The Songwriting Story Of “The Boxer”

The Songwriting Story Of “The Boxer” | I Love Classic Rock Videos

via The Beat Goes On /YouTube

Like most rockstars at the height of their fame, Simon & Garfunkel were constantly pressured to produce one hit after another. With that, Paul Simon decided to bring his viewers to the next level of songwriting, bringing an emotional, folk ballad about a tale of a lone person: “The Boxer.”

The folksy tune and the mumbling of the first verse are said to be a shot at Bob Dylan, who’s known for these two things. But Simon says it isn’t related to Dylan at all. In a 1984 interview with Playboy magazine, Simon referred to the boxer as himself, when he wrote the lyrics when critics were becoming too harsh with his songwriting. “I think the song was about me: everybody’s beating me up, and I’m telling you now I’m going to go away if you don’t stop,” Simon commented. “By that time we had encountered our first criticism. For the first few years, it was just pure praise. It took two or three years for people to realize that we weren’t strange creatures that emerged from England but just two guys from Queens who used to sing rock ‘n’ roll. And maybe we weren’t real folkies at all! Maybe we weren’t even hippies!” He’s the boxer, who also relates to the struggles of the working class.

With each verse, Simon carefully displays the persona he’s created, with the right words to describe the character. Moreover, in the second verse, he exhibited his masterful touch with rhyme schemes. Then with the use of a placeholder “lie la lie,”, he smoothly transitions to the chorus. But Simon has always detested the use of the placeholder, calling it a “failure of his songwriting.”

Nevertheless, “The Boxer” became a chart-topping hit for the duo, and one of their well-beloved hits. With this song alone, we can further prove the genius of Paul Simon’s writing, and the magic of the duo Simon & Garfunkel.

Listen to the song below.

“The Boxer” Lyrics

I am just a poor boy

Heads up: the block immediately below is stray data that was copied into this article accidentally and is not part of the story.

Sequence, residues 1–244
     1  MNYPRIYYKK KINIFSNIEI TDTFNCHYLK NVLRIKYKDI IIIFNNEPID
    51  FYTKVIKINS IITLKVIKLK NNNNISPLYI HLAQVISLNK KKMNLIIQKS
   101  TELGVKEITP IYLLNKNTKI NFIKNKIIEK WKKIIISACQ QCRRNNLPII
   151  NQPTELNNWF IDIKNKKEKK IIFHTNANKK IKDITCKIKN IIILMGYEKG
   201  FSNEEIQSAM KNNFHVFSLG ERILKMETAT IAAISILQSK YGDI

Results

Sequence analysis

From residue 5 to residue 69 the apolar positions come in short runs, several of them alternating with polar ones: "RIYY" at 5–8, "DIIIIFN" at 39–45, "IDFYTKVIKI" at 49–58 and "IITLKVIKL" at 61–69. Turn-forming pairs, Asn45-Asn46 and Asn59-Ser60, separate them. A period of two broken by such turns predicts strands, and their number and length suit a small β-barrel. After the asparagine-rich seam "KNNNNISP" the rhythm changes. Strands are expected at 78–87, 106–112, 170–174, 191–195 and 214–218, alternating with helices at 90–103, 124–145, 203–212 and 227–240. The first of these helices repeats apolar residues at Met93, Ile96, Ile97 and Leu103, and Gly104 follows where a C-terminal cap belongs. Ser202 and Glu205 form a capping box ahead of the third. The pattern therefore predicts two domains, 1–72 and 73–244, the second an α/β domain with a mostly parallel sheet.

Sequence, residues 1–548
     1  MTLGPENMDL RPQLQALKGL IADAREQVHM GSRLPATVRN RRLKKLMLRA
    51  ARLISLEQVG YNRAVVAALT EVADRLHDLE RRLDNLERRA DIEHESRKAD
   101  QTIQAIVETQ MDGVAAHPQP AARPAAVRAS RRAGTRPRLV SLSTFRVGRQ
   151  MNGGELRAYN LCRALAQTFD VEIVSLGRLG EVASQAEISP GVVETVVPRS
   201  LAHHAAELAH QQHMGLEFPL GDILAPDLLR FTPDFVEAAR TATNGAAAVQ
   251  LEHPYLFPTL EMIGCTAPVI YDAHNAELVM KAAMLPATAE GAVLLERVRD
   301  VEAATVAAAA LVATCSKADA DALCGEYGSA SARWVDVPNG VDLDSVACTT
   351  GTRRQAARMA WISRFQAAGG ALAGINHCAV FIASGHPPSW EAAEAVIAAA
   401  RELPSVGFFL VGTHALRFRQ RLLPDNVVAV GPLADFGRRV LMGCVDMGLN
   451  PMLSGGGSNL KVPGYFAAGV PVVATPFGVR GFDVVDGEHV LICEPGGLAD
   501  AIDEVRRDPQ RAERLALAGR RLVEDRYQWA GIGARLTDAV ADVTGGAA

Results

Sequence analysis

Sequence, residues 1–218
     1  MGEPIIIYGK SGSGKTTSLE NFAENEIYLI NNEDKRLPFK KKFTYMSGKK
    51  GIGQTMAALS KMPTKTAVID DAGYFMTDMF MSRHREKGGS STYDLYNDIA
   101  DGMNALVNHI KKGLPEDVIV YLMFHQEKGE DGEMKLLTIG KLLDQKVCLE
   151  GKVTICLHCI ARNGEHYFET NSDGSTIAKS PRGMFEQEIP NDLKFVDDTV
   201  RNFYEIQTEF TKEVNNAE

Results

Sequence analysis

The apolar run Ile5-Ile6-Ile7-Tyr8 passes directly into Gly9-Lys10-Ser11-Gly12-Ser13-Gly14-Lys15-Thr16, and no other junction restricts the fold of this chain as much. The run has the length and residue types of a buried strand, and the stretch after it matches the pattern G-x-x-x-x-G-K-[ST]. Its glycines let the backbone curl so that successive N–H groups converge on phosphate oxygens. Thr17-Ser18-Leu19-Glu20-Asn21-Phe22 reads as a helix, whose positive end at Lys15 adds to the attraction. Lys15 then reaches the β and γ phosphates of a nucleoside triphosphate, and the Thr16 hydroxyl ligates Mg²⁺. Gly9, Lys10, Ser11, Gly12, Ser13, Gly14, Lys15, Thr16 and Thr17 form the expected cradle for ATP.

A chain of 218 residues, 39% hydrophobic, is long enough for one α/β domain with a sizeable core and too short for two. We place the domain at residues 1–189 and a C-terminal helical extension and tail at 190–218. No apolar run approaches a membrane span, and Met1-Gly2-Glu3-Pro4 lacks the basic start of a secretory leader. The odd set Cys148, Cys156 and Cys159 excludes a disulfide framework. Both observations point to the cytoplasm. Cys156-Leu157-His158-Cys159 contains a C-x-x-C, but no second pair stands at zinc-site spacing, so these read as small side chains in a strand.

Though my story’s seldom told

I have squandered my resistance

For a pocketful of mumbles, such are promises

All lies and jest

Still a man hears what he wants to hear

And disregards the rest, mhmm


When I left my home and my family

I was no more than a boy

In the company of strangers

In the quiet of a railway station running scared

Laying low, seeking out the poorer quarters

Where the ragged people go

Looking for the places only they would know


Asking only workman’s wages

I come looking for a job

But I get no offers

Just a come-on from the whores on Seventh Avenue

I do declare there were times when I was so lonesome

I took some comfort there


Now the years are rolling by me

They are rocking evenly

I am older than I once was

And younger than I’ll be, that’s not unusual

It isn’t strange after changes upon changes

We are more or less the same

After changes we are more or less the same


Then I’m laying out my winter clothes

And wishing I was gone, going home

Where the New York City winters aren’t bleeding me

Leading me, going home


In the clearing stands a boxer

And a fighter by his trade

And he carries the reminders

Of every glove that laid him down

And cut him ’til he cried out

In his anger and his shame

“I am leaving, I am leaving”

But the fighter still remains, mhmm